Abernathy - Houston-Packer Collection BX9178.A33 S4 1748 v.2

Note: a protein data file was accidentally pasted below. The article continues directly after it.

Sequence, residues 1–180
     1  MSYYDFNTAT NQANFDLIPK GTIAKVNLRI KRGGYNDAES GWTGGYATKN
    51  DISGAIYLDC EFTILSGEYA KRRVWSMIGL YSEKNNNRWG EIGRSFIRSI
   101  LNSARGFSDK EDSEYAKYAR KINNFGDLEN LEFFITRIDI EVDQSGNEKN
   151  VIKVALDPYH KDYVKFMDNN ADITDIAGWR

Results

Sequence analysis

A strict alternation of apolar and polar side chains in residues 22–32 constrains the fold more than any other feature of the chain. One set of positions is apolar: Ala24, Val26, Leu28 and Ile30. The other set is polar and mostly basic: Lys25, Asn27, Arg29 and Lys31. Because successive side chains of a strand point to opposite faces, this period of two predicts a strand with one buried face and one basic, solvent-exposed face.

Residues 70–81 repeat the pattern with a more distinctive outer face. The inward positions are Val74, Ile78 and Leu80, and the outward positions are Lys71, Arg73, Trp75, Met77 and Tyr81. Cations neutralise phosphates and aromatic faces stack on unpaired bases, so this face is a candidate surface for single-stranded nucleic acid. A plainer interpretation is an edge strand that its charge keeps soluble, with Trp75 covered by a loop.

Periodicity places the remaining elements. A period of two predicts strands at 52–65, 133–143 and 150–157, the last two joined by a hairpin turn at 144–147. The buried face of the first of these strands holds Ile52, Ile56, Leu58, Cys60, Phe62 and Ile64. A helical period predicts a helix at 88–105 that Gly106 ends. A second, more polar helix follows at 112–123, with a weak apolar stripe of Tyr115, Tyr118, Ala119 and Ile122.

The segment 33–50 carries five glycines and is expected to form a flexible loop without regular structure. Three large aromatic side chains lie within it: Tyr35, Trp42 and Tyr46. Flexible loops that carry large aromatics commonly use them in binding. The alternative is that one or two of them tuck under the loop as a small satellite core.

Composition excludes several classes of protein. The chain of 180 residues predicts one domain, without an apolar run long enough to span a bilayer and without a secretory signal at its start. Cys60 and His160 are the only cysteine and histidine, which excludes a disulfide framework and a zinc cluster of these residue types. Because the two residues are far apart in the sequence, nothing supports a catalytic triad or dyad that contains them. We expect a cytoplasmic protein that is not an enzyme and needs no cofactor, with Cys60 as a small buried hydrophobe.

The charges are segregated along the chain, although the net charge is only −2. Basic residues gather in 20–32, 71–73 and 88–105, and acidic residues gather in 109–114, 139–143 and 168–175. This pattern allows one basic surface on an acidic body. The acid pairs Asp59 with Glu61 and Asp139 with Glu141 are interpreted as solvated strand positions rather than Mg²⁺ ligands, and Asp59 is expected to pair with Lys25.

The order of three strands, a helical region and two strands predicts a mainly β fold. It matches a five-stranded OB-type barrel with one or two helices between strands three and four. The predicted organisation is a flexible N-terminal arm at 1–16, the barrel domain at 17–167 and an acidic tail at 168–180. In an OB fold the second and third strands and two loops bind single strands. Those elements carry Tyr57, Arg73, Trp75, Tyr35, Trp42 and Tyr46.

Of Temperance. 155 declares to be all good, and none of them to be SERM. refufèd, if received with thankfgiving, and VI. improved to good ends, preferving Rill a good `.Y.. and ingenuous temper of mind, with vigo- rous affeäions to the belt objekls, and not brought under the power of any thing in this world. I come now in the fecond place to propofe fome motives to fobriety and temperance; and tho' what I intend chiefly to infift upon, are thofe confiderations which the gofpel con- tains, yet we ought not to pafs over the argu- ments which reafon itfelf fuggefts. Indeed the infpired writers themfelves do not negle ± them; the apollle St. Paul* exhorts chriflians to think on whatever things are true, and pure, and homll, and lovely, and of good report, if there be any virtue, and if there be any praifè, which in effect is an appeal to the common fenfe of mankind concerning the amiablenefs and excellence of virtue. This particular virtue of temperance Rands upon the fame foot with the reff, and is like them recom- mended by its own native beauty and intrinfic worth, which at firft ftrikes any mind which attends to it. It is impoffible for any one, * Phil. iv, 8. upon